17 17 Nick Saville, Cambridge ESOL Educational systems – complex phenomena Stakeholder constituencies many different stakeholders in educational processes complex network of relationships Impact

18 18 Nick Saville, Cambridge ESOL Learners Teachers Test writers/examiners Receiving institutions School owners Future employers Government agencies Professional bodies Test centre administrators Materials writers Publishers etc Learners Parents/carers Teachers Receiving institutions Employers School owners Examiners Government agencies Professional bodies Academic researchers Test writers/ Examiners etc Test constructs Test format Test conditions Test assessment criteria Test scores Stakeholders in the testing constituency Testing System Contexts of test use - consequences Inputs to test design

19 19 Nick Saville, Cambridge ESOL Learners Teachers Test writers/examiners Receiving institutions School owners Future employers Government agencies Professional bodies Test centre administrators Materials writers Publishers etc Learners Parents/carers Teachers Receiving institutions Employers School owners Examiners Government agencies Professional bodies Academic researchers Test writers/ Examiners etc Test constructs Test format Test conditions Test assessment criteria Test scores Testing System Contexts of test use - consequences Inputs to test design Stakeholders in the testing constituency

20 20 Nick Saville, Cambridge ESOL Learners Teachers Test writers/examiners Receiving institutions School owners Future employers Government agencies Professional bodies Test centre administrators Materials writers Publishers etc Learners Parents/carers Teachers Receiving institutions Employers School owners Examiners Government agencies Professional bodies Academic researchers Test writers/ Examiners etc Test constructs Test format Test conditions Test assessment criteria Test scores Testing System Contexts of test use - consequences Inputs to test design Stakeholders in the testing constituency

21 21 Nick Saville, Cambridge ESOL Impact Multiple voices views, beliefs and attitudes Important for examination providers to collect feedback from the stakeholder to take stakeholder perspectives into account Dynamic relationship between micro and macro contexts

22 22 Nick Saville, Cambridge ESOL 3. The “law” of unintended consequences “Any purposeful action will produce some unintended consequences” or side-effects “Goodhart’s Law” (or “Campbell’s Law” in the USA) a variant of the “law” of unintended consequences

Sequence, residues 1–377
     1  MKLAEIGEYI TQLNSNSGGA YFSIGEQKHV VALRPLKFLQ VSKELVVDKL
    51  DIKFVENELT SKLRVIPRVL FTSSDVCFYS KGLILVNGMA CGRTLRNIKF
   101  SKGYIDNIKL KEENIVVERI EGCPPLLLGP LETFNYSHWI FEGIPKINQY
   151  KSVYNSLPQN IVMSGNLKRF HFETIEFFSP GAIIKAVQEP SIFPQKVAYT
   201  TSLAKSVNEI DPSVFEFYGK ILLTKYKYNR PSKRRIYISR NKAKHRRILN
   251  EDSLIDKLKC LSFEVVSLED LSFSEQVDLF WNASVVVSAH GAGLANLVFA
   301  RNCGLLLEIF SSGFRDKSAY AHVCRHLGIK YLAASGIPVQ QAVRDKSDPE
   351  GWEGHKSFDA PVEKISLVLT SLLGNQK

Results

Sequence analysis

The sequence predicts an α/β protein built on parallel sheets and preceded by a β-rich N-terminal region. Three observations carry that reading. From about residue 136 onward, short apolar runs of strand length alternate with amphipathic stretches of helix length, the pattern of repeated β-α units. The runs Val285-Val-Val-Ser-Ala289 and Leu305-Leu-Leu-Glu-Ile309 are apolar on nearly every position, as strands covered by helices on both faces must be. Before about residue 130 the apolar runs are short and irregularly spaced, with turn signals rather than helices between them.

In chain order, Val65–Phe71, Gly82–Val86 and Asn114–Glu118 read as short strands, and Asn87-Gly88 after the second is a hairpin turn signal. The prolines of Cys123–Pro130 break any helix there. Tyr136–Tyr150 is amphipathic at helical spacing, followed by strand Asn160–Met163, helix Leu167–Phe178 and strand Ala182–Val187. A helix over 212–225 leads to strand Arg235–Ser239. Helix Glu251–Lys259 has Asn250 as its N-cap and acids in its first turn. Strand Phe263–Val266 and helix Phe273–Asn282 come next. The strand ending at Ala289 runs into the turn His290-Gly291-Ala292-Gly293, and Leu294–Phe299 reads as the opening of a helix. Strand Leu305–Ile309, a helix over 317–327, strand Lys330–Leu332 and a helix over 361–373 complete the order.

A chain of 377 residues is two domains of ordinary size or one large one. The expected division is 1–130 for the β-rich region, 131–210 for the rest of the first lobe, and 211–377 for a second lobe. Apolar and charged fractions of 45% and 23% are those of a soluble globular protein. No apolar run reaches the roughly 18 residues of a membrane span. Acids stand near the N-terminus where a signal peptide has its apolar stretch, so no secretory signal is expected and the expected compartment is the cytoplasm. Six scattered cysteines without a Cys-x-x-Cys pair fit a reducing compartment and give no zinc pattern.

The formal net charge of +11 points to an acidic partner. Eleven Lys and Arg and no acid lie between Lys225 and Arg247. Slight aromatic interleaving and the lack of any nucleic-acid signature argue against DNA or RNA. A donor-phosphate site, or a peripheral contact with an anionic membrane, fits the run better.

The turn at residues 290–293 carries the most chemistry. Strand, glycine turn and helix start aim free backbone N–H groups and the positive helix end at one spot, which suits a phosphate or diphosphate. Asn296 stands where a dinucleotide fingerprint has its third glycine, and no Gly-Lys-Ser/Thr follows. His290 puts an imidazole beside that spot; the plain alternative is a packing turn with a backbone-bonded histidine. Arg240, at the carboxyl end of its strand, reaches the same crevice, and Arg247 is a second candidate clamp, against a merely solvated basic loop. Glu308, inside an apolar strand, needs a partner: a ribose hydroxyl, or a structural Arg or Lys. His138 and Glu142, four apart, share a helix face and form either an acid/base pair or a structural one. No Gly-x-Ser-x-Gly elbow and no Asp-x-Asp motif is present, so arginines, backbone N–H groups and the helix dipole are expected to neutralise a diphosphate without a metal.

23 23 Nick Saville, Cambridge ESOL “Goodhart’s Law” “All performance indicators lose their meaning when adopted as policy targets” Examples: England - school achievement targets - school league tables USA – No Child Left Behind (NCLB) The clearer you are about what you want, the more likely you are to get it – but the less likely it is to mean what you wanted it to! (Dylan Wiliam, 2008)

24 24 Nick Saville, Cambridge ESOL Perverse incentives? Assessment policy can create a tension between educational objectives at the micro level (teaching and learning in schools) and a requirement for accountability at the macro level

25 25 Nick Saville, Cambridge ESOL What role can examination providers play? How can examination providers ensure that : examination systems are “fit for purpose”? research is carried out to “find out what is going on” in contexts of use? mitigating action is are carried out if/when negative effects and consequences occur?

26 26 Nick Saville, Cambridge ESOL 4. Researching impact Cambridge ESOL an international examinations board Maxims of Test Impact An attempt to integrate an action-oriented approach to investigating impact into working practices Milanovic and Saville, 1996

27 27 Nick Saville, Cambridge ESOL Maxims for achieving/monitoring impact Maxim 1PLAN Use a rational and explicit approach to test development Maxim 2SUPPORT Support stakeholders in the testing process Maxim 3COMMUNICATE Provide comprehensive, useful and transparent information Maxim 4MONITOR and EVALUATE Collect all relevant data and analyse as required. Milanovic and Saville, Considering the impact of the Cambridge examinations